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Today’s Medical Care: Like Star Trek’s Sickbay

Treating eye cancer with an invisible beam of protons: Star Trek or U.S. health care?

by
Clayton E. Cramer

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April 3, 2010 - 12:00 am
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When I was a child, I thought Star Trek’s Sickbay was a wonderful imagination of what medical care might be like … some day.  It was, however, clearly a very long ways off.  (When I say Star Trek, I mean the original series — and when I watched Star Trek, it was on NBC in the mid-1960s, not reruns.)

It seems like that “some day” has already arrived. Do you remember how Nurse Chapel carried around an electronic tablet on which she recorded information about patients? When I go into my doctor’s office, he enters my vital signs on a PDA — and my prescription goes straight from his PDA to the pharmacist across the street.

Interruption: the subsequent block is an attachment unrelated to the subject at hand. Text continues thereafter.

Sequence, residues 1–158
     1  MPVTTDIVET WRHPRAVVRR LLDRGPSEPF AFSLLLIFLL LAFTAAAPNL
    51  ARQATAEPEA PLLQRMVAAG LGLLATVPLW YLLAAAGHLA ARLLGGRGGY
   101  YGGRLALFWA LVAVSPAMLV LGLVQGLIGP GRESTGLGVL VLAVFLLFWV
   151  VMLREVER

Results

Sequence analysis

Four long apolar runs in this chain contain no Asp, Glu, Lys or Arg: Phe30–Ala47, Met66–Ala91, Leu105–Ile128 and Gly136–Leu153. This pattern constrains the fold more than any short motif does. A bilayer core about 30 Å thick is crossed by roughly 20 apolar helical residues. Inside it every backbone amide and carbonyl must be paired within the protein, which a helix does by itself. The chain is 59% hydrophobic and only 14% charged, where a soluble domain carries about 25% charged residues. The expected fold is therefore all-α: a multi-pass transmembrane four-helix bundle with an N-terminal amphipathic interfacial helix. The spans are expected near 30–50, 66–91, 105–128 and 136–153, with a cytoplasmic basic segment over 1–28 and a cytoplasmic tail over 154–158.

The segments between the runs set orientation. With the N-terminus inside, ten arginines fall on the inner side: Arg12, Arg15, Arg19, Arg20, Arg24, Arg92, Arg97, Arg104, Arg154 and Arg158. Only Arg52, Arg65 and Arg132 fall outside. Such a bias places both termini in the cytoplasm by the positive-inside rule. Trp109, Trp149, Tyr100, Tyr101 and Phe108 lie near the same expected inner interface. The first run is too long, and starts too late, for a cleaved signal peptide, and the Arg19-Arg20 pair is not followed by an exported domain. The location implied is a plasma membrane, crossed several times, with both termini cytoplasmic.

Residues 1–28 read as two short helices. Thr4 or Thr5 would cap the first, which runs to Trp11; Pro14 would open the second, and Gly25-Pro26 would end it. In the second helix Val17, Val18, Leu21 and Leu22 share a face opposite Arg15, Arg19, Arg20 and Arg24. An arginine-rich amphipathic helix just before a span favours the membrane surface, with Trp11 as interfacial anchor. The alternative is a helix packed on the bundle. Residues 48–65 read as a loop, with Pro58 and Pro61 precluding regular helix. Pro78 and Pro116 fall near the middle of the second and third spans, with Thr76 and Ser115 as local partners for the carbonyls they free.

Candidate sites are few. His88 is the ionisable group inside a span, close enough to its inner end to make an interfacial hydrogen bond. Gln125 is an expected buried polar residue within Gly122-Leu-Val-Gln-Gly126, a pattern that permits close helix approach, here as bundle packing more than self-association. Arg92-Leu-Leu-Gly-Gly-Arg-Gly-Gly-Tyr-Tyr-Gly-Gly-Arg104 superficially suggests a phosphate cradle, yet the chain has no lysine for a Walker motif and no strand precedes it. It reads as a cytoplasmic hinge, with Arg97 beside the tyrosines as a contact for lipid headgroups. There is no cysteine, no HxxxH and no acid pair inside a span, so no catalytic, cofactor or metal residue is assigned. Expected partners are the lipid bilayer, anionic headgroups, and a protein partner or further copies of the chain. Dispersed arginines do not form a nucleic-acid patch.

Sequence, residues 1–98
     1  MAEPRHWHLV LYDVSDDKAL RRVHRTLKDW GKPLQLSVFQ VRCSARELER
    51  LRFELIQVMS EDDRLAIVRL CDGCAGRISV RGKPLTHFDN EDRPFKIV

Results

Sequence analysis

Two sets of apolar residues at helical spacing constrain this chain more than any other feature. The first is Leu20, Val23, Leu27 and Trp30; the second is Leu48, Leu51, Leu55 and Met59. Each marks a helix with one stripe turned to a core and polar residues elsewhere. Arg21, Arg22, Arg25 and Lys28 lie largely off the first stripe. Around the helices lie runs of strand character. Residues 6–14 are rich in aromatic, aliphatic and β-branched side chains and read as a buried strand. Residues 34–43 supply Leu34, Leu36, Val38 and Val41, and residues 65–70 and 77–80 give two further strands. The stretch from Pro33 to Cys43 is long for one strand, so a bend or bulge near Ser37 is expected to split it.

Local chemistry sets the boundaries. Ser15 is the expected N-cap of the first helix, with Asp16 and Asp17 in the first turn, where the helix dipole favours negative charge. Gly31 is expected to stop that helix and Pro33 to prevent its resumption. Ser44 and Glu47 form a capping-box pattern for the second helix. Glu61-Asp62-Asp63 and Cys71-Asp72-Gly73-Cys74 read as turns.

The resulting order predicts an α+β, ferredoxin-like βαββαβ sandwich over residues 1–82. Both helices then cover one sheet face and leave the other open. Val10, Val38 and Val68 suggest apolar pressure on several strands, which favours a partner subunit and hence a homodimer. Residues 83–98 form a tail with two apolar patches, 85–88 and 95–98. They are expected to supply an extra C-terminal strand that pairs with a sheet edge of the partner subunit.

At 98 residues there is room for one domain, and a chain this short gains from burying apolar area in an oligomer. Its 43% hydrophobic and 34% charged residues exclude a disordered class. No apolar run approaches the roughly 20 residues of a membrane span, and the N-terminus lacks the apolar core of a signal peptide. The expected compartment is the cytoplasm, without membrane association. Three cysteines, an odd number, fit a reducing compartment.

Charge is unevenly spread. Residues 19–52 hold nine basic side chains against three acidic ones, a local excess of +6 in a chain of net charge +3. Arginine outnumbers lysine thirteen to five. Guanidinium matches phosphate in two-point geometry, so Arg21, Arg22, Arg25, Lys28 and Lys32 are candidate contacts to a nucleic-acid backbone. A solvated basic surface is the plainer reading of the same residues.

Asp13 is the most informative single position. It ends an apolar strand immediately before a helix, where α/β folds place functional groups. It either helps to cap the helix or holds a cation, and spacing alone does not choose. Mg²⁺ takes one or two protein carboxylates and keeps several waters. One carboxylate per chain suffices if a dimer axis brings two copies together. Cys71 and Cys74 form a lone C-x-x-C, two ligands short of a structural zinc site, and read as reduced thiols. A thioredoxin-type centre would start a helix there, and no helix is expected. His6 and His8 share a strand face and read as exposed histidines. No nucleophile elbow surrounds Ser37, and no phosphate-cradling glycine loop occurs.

Do you remember how vital signs appeared above the patient in the Star Trek Sickbay — with no wires or connections?  We’re not quite there yet, but when my daughter was born in 1983, many of the vital signs for my wife, such as blood oxygen content, were obtained using non-intrusive devices.

How would you know, in 1966, if someone had colon cancer? Usually the first hint were ugly stool symptoms, but to find out for sure would involve exploratory surgery. But starting in 1969, the medical profession started to experiment with a new procedure, colonoscopy.  It is now so common that everyone over age 50 is strongly encouraged to have it done to make sure that there aren’t precancerous polyps. If there are growths, the doctor snips them out for biopsy in order to prevent them from turning into something more serious.

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